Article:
The Evolution of the Matrix Genes of Human Influenza A and Relationships to Functional Properties

Elliot, Alexander James (2001). The Evolution of the Matrix Genes of Human Influenza A and Relationships to Functional Properties. PhD thesis The Open University.



Amantadine and rimantadine are anti-influenza A drugs that target the M2 protein, located within the viral envelope. Over the last century, the circulating human Influenza A viruses in the UK have included H1N1, H2N2 and H3N2 antigenic subtypes. The main aim of this study was to analyse the national archive of influenza A viruses for amantadine susceptibility as there is limited data on natural resistance over the entire period of circulation of influenza A viruses. Over 2300 influenza A viruses were screened from a period representing all influenza seasons and antigenic variants over the last 40 years in the UK. Phenotypic and genotypic analyses determined the frequency of amantadine-resistance. Enzyme- linked immunoassay and plaque reduction assay determined resistance to be 2.4% and 2.1% for H3N2 and MINI viruses, respectively. No evidence of amantadine-resistance was found in the limited number of H2N2 viruses screened. Amino acid mutations within the M2 protein transmembrane domain were found in 22/48 of resistant viruses. Serine to asparagine substitutions at amino acid position 31 were most frequent, conferring resistance in 9/22 viruses. A large group of phenotypically resistant viruses did not contain any M2 transmembrane mutations; no other mutations within the matrix genes could be attributed to the resistance. The occurrence of resistance over time was sporadic and often occurred in clusters. Some of the clusters were traced to outbreaks of influenza where amantadine had been used to limit the spread of disease. The emergence of natural resistance within the population was low and did not persist through influenza seasons. Analysis of the M gene sequence indicated that the two matrix gene products. M1 and M2, evolved independently of each other. M2 evolved at a faster rate of nucleotide and amino acid change than M1.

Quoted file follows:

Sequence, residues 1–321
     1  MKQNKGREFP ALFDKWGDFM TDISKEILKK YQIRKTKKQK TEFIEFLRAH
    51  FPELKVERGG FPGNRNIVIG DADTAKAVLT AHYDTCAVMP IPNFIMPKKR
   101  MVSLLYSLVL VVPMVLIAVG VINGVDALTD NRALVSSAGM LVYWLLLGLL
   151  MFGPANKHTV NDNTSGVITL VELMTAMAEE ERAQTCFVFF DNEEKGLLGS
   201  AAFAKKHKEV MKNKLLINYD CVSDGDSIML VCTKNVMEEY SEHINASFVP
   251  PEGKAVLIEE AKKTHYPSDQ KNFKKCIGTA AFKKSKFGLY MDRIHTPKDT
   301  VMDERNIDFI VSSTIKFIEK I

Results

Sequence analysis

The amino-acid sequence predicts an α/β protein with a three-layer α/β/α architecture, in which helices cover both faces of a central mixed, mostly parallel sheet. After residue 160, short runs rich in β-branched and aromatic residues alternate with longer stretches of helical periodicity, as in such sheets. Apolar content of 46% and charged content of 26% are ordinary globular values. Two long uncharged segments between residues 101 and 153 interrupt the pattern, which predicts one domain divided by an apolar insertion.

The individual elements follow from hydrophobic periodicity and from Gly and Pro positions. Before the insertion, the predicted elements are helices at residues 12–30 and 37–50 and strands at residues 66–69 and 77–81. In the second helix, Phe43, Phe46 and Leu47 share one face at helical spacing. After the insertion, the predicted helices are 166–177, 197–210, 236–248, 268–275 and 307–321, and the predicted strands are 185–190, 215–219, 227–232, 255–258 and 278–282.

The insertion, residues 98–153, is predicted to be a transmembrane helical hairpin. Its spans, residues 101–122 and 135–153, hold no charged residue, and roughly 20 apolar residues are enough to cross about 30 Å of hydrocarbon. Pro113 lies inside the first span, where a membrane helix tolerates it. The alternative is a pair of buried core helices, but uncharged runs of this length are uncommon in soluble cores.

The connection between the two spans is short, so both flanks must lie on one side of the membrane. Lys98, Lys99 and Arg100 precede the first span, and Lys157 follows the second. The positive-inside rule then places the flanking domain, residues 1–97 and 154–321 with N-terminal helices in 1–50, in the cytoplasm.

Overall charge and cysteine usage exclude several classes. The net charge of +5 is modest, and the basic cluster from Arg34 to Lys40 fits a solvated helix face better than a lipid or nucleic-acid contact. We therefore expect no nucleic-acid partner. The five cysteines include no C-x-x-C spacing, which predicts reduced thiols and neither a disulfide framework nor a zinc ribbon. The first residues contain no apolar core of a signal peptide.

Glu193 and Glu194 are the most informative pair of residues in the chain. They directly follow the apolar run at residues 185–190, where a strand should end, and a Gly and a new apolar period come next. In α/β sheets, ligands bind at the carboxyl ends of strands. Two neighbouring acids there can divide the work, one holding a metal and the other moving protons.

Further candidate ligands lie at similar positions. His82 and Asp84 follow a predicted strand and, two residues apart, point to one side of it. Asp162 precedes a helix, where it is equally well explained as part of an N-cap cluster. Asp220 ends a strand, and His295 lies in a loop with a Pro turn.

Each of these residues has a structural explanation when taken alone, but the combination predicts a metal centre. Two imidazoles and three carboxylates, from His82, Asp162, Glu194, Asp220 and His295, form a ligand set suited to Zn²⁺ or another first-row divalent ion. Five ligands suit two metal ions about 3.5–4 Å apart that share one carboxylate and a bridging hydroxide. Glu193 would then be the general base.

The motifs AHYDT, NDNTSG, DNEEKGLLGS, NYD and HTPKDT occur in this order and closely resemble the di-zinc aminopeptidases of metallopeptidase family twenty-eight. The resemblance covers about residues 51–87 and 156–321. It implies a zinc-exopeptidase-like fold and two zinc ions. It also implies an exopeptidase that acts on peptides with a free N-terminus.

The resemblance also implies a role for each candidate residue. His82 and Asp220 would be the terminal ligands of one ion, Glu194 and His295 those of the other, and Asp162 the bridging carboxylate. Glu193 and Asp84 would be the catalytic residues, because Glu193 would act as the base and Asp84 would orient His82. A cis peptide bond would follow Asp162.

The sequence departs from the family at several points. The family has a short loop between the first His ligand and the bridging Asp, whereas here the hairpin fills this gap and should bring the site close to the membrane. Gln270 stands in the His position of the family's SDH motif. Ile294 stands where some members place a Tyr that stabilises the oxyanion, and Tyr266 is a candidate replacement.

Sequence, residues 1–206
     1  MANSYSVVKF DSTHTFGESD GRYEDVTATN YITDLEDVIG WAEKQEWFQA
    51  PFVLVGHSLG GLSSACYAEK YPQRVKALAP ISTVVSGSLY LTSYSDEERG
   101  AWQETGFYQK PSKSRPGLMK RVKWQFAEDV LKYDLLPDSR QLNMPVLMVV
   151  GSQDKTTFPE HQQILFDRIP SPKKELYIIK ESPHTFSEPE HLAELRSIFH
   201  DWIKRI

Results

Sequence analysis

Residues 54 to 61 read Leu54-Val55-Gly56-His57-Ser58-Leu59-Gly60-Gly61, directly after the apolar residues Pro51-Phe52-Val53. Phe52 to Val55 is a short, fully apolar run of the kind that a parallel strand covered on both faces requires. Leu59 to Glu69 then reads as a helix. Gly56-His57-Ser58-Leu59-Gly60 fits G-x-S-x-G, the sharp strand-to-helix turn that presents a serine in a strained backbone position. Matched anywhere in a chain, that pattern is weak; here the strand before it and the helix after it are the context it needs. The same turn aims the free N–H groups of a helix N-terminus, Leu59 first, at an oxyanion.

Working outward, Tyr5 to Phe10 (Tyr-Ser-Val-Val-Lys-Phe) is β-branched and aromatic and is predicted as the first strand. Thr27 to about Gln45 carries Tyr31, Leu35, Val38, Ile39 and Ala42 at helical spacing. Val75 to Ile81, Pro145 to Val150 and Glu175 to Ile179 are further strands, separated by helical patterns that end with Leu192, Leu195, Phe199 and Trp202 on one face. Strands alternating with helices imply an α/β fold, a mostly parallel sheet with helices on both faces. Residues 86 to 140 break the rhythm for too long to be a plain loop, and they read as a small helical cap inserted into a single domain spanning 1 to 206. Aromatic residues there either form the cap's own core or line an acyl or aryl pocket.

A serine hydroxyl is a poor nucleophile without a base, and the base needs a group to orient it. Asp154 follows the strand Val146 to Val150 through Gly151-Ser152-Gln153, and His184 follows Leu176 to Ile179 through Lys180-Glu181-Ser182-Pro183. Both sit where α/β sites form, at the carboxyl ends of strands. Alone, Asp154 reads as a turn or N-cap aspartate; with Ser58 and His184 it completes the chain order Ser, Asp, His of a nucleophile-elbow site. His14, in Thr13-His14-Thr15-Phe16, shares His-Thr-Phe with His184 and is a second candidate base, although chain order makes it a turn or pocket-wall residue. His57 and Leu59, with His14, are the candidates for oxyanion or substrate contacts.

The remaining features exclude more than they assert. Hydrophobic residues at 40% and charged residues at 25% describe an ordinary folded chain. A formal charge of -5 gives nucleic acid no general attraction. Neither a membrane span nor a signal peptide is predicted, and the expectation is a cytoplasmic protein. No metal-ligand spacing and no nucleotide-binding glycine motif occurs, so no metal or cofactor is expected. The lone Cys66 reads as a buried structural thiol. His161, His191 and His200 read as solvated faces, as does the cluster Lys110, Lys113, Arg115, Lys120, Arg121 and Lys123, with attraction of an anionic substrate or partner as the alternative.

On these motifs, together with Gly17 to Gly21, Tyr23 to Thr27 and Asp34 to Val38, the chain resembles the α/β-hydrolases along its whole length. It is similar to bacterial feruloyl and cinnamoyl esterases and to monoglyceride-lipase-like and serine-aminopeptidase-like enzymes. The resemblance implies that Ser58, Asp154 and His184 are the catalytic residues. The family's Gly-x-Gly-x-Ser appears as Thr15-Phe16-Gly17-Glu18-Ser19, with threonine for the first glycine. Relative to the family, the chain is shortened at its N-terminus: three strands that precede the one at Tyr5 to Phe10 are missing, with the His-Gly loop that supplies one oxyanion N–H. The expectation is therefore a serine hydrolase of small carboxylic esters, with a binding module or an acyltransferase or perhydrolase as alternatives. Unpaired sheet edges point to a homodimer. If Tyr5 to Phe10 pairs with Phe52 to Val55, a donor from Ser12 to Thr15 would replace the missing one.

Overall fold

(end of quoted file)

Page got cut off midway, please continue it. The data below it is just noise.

Twelve influenza A H3N2 viruses were isolated from a persistent infection of an immunocompromised host. An amantadine-resistant virus population emerged following a short course of amantadine treatment and was maintained for eighteen months in the absence of drug pressure. Virus isolates were mixtures of amantadine-sensitive and -resistant variants, which varied over time. Mutations within the haemagglutinin (HA) molecule suggested that the viral population had undergone antigenic drift over the study period. There was no detectable immune response within the host, therefore the drift, or evolution of these viruses had occurred without the selection pressure of a competent immune system. Fixed mutations within antigenically important regions of the HA molecule were found to affect receptor-binding properties of the viruses. The HA molecule had an increased rate of evolution compared to field virus strains that circulated over the same period as the persistent infection. The emergence and progression of amantadine-resistance and viral evolution within the normal and immunocompromised host will be discussed.

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